UK minister Alok Sharma: asking Boris Johnson to explain Covid rules is a ‘gotcha’ question
PM prepares to address nation over handling of coronavirus
The British Business Secretary said today that asking the prime minister about his own coronavirus restrictions was a quiz-style “gotcha” question designed to catch him out.
Alok Sharma was defending Boris Johnson after he got the detail wrong on new coronavirus laws for the north-east of England.
Mr Johnson was asked whether people from different households in the north-east could still meet up in a pub garden, but answered incorrectly and later admitted he 'misspoke'.
He replied by talking about the rule of six when official guidance actually renders it illegal for people from multiple households to socialise in beer gardens and outdoor restaurants in that area.
Asked about the gaffe on BBC’s Radio 4 Today programme today, Mr Sharma suggested journalists were asking questions better suited to a quiz show.
He said: “There is an element of sort of slightly gotcha about this in terms of the line of questioning.
“You are a flagship programme when it comes to serious news - it’s not a quiz show.”
Mr Sharma was pressed on whether he thought it was wrong for the media to push the prime minister for details on his coronavirus plan.
He said: “Absolutely not. What is important is people want to understand the precise restrictions that they have. In areas that are more restricted, they should go on the websites.
“The best way you can find out is go on the websites and have a look.”
Mr Johnson will address the nation today amid growing dissent within Tory party ranks over his response to a second wave swiftly spreading across the country.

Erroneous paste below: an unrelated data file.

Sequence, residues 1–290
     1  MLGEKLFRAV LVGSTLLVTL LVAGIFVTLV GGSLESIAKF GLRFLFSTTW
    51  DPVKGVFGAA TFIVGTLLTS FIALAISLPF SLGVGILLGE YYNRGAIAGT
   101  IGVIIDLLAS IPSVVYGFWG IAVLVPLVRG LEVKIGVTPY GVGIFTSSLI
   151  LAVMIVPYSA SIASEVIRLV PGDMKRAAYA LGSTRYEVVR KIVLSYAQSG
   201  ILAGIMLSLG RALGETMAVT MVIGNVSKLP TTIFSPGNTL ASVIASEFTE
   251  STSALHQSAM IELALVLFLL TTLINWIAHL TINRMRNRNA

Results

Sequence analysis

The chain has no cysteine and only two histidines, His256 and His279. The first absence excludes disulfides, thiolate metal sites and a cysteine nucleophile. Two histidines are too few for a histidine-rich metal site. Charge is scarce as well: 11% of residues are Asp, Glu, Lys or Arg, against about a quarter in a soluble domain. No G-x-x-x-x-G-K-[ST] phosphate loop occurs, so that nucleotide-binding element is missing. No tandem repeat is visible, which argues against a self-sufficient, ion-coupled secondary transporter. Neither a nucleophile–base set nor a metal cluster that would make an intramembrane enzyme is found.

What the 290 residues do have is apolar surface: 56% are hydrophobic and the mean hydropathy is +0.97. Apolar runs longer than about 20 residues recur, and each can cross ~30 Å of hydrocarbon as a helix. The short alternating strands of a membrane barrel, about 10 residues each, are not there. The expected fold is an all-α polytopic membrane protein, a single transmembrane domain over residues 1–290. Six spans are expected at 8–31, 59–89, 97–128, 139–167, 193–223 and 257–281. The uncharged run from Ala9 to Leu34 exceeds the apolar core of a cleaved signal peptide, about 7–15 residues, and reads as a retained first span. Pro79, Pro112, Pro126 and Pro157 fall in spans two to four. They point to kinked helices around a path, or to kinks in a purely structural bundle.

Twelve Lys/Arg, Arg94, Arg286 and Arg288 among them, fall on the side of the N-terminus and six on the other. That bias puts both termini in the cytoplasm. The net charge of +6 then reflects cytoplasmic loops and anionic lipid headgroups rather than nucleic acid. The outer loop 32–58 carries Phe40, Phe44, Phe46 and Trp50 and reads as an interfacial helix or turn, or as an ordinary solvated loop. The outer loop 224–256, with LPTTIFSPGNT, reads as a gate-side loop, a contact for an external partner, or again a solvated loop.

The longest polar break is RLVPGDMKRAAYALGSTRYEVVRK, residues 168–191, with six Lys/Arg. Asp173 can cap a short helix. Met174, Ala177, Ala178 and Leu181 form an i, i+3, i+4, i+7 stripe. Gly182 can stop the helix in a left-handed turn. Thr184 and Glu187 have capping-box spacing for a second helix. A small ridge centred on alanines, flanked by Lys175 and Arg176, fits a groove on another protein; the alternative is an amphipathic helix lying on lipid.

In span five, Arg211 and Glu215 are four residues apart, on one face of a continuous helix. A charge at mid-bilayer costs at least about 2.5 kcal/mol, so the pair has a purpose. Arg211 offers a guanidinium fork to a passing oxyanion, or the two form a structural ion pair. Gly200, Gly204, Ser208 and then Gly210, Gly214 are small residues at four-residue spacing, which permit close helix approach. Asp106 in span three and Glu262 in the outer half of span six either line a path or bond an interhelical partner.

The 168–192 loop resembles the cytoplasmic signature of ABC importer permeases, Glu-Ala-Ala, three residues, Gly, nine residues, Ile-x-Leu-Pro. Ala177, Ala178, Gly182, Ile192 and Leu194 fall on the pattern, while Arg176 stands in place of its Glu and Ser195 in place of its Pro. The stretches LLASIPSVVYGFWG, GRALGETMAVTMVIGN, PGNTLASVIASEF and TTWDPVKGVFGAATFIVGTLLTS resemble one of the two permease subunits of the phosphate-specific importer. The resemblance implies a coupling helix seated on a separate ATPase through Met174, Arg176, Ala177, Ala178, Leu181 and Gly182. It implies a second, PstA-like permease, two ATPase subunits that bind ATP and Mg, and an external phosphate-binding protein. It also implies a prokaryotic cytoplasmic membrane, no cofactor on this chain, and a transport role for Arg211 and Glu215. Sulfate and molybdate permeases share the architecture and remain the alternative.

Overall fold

Britain, which has the worst official death toll in Europe, reported 7,143 new cases of coronavirus on Tuesday, the highest single figure to date, and 71 deaths, the worst daily toll since July.
Mr Johnson is facing growing anger within his own party over the most severe restrictions in peacetime history that are destroying swathes of the economy.
"The price we will not pay is that we will not surrender parliamentary democracy and the rule of law in order to fight this virus - these things are too important," said Steve Baker, one prominent rebel Tory MP.
"We need prior approval of measures, major measures on a national scale and indeed a regional scale which take away people's liberties.”
Large swathes of the UK and tens of millions of citizens are subject to local restrictions brought in to try to slow the second wave.
It comes as the economic damage was laid bare: the UK’s economy shrank by a record 19.8 per cent in the second quarter of 2020 - more than any other major advanced economy.
The UK is borrowing more than at any time since World War Two while unemployment is rising and some businesses have complained that Mr Johnson's restrictions are killing their livelihoods.
The prime minister, who fell gravely ill himself earlier this year with Covid-19, said the virus must be brought under control otherwise the death and economic damage it will inflict will be much more serious.
Updated: September 30, 2020 04:40 PM